My oldest friend never knew his father. Leigh was three when his dad was killed in Korea, his remains never to be recovered and shipped home for burial. As long as Leigh and I were friends, until he moved across the country to California at the age of 21, I noticed a gaping hole in his psyche. Since I never faced such a loss, I could only imagine his longing. My father not only came home from World War II, he came home almost every night from work. I often thought of my friend sitting in his apartment waiting for no one.
On September 15, 1943, two years into U.S. involvement in World War II, Margaret Wise Brown, the prolific children’s book author whose soothing Goodnight Moon has been a perennial favorite, signed a contract with Harper & Brothers to publish The Fathers Are Coming Home. Acquired by Ursula Nordstrom, the editor who later discovered Maurice Sendak, The Fathers was an opportune book given the number of American children whose fathers had either gone off to battle or worked double and triple shifts in local war industries. Of course many fathers didn’t return. So perhaps the subject was too timely or, more likely, proposed at the wrong time. The contract was ultimately canceled and the advance against royalties of $300 was shifted to Little Brass Band, a Brown title with a less controversial theme. The Fathers manuscript was one of 73 locked away in a cedar trunk after Brown’s death in 1952 at the age of 42. It was later discovered in 1991 in her sister’s barn.
Margaret Wise Brown, known for her economical yet eloquent texts that spoke directly to children, often in a child’s voice, had uncanny verbal instincts. Although she never had children of her own, she wrote in a soft cadence designed to replicate a child’s inner thoughts. The dozens of books she published tapped into young longings and expectations. Goodnight Moon, the most famous of them all, was also the most universal — presenting its “great green room” as a domestic sanctuary that any child might crave. The Fathers Are Coming Home was to do for aching hearts what Goodnight Moon did for tired souls, as various benign animal fathers — a fish, bug, rabbit, daddy long-legs, dog, bird, and snail — return at night to their offspring, culminating in a sailor who comes home from the sea, “home to his little boy.”
And yet in 1943, America was still more than a year away from D-Day and two years away from total Nazi surrender. In the Pacific, the Japanese, who had swooped down and captured allied territories, were fighting bloody battles for unknown beaches. Survivors of these theaters were sometimes shipped home, but they often returned to fight again. Someone at Harper & Brothers decided that 1943 or 1944 or 1945 was not the best moment for The Fathers Are Coming Home. And that person was right. Too many fathers (and boys who would never become fathers) perished. Brown’s promise of solace could not be kept. Then came the Korean War, during which Brown died from an embolism following an operation for an ovarian cyst. A decade-plus later, the Vietnam War took its toll. There seemed never to be a good time (and the manuscript was virtually forgotten anyway) until now.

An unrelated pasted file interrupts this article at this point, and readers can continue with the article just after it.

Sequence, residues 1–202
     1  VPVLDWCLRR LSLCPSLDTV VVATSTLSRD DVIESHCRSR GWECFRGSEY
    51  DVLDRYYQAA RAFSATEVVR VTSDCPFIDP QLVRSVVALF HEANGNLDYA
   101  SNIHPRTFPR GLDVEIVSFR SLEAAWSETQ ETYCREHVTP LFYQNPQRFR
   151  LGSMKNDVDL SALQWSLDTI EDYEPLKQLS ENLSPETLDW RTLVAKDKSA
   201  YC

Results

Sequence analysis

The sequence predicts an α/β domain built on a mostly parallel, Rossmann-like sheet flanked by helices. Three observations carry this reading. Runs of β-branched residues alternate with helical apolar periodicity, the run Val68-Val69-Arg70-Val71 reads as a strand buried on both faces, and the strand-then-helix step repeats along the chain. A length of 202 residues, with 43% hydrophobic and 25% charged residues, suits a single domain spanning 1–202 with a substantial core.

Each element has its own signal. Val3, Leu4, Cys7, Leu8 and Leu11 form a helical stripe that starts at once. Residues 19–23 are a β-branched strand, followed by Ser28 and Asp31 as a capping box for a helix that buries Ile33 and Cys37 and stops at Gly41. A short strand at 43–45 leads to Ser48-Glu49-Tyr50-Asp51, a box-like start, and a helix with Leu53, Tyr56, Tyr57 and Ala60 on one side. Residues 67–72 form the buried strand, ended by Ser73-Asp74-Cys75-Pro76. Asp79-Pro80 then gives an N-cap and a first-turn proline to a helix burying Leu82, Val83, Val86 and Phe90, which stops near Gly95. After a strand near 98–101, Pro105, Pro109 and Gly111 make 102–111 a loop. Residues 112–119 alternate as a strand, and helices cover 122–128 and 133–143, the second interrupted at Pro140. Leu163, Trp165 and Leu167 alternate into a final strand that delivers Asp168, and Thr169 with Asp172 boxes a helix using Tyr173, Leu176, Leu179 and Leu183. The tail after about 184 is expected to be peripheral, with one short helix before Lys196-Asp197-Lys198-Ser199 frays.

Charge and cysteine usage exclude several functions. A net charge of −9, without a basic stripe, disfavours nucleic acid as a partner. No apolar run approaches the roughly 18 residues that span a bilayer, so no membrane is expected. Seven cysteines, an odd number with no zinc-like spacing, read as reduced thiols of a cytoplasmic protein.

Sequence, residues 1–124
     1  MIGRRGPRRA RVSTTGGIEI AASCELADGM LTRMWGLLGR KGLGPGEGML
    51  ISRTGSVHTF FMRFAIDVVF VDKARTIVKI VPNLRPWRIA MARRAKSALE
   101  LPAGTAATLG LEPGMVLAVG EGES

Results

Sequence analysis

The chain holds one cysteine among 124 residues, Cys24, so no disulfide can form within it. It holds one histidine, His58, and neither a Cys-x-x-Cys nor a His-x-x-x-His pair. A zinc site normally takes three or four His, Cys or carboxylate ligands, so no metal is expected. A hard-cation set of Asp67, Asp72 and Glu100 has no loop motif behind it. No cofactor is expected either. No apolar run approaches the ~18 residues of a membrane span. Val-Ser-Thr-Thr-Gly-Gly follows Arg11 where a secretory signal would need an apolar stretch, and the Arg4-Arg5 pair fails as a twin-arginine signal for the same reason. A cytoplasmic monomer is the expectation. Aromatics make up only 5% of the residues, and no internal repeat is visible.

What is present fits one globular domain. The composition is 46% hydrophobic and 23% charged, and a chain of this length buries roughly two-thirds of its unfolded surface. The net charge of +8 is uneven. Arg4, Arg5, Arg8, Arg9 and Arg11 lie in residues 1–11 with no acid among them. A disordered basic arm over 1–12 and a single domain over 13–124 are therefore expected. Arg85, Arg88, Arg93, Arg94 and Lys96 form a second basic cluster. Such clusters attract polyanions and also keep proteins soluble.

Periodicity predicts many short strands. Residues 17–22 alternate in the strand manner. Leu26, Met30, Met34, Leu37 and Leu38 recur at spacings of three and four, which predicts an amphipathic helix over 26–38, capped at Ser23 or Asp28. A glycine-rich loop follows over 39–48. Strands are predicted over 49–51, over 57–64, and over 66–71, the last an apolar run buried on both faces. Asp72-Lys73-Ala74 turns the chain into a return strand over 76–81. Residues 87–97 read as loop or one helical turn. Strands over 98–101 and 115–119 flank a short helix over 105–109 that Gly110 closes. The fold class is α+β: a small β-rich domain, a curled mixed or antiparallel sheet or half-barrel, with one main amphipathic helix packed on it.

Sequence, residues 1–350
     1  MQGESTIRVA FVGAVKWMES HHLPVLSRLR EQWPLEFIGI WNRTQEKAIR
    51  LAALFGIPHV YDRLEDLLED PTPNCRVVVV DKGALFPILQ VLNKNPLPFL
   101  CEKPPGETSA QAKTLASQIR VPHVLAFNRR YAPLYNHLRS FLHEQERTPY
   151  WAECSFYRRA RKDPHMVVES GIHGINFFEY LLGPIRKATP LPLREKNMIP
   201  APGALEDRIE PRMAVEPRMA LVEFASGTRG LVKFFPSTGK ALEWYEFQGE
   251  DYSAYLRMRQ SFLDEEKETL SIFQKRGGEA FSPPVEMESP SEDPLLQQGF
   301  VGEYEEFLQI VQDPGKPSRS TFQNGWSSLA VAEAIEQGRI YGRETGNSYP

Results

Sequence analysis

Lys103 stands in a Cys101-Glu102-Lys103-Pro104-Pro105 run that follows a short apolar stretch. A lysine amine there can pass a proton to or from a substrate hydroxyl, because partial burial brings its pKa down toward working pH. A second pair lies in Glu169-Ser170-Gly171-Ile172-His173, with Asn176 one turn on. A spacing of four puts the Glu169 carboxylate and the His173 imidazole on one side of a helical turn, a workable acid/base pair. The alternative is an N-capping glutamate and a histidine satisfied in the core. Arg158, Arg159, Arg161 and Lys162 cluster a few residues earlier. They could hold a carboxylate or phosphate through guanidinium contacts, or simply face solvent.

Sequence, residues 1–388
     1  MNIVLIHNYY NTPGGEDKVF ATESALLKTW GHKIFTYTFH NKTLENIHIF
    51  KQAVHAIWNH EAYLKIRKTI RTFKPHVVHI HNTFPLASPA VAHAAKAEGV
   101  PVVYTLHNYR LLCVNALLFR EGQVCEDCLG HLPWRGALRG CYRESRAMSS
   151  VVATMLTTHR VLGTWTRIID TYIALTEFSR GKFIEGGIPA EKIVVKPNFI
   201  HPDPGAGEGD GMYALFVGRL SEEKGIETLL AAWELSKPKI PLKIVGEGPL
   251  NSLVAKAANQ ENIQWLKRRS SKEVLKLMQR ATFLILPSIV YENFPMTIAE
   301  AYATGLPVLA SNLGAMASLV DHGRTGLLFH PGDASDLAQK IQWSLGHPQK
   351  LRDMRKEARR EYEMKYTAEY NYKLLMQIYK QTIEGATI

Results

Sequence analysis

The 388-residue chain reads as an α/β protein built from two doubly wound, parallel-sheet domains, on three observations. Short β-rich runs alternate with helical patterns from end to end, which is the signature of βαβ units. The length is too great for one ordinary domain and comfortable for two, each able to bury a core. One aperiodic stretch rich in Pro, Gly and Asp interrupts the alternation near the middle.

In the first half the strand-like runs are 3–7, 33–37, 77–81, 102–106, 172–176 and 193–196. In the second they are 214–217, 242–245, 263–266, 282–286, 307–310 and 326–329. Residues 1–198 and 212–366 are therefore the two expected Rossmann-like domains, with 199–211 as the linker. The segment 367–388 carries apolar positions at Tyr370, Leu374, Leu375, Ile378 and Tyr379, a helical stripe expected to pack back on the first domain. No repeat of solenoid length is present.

“We don’t know why Harper & Brothers canceled the original contract,” says Stephen Savage, who illustrated the first-ever edition of The Fathers, finally published this year. “Brown wrote several different versions of the text, but it is hard to reconstruct the exact history of the manuscript.” Her biographer Leonard Marcus told Savage that after her death in 1952, the estate did try to get as much published as possible, so it is likely that several companies passed on this particular manuscript. “Perhaps by then publishers thought the book was dated, too tied in to the emotions of World War II,” Savage speculates.
Now, ten years into the war in Afghanistan and eight into the war in Iraq, this book may not be any easier to accept, especially by those who have lost loved ones. Yet, says Savage, “We always felt that the book would resonate today because of the wars in Iraq and Afghanistan. How could it not?”
“It's a bedtime book,” adds Savage, who illustrated the award-winning Polar Bear Night. “My job as the artist was to create a world that was soothing and calm and safe. It was clear, too, that the book was about World War II, so we dressed the sailor in a uniform of the period and put him on an old-fashioned ocean liner.”
Rendered in linocut (a decision made with art director Ann Bobco and editor Karen Wojtyla) and muted colors, The Fathers Are Coming Home has a grittier quality than Goodnight Moon. Savage was influenced by Jean Charlot's illustrations for Brown’s A Child's Good Night Book. “His images of sleepy animals and kids are so tender and sweet without being sentimental,” he says.
Yet this book is nonetheless melancholy. Even knowing that Dad will return does not lessen the sense of abandonment. There is always doubt; not only will the father go again, but next time he may not come home. Perhaps it wasn’t just the war that prevented this bittersweet book from being published. Perhaps it was a deeper, more primal fear.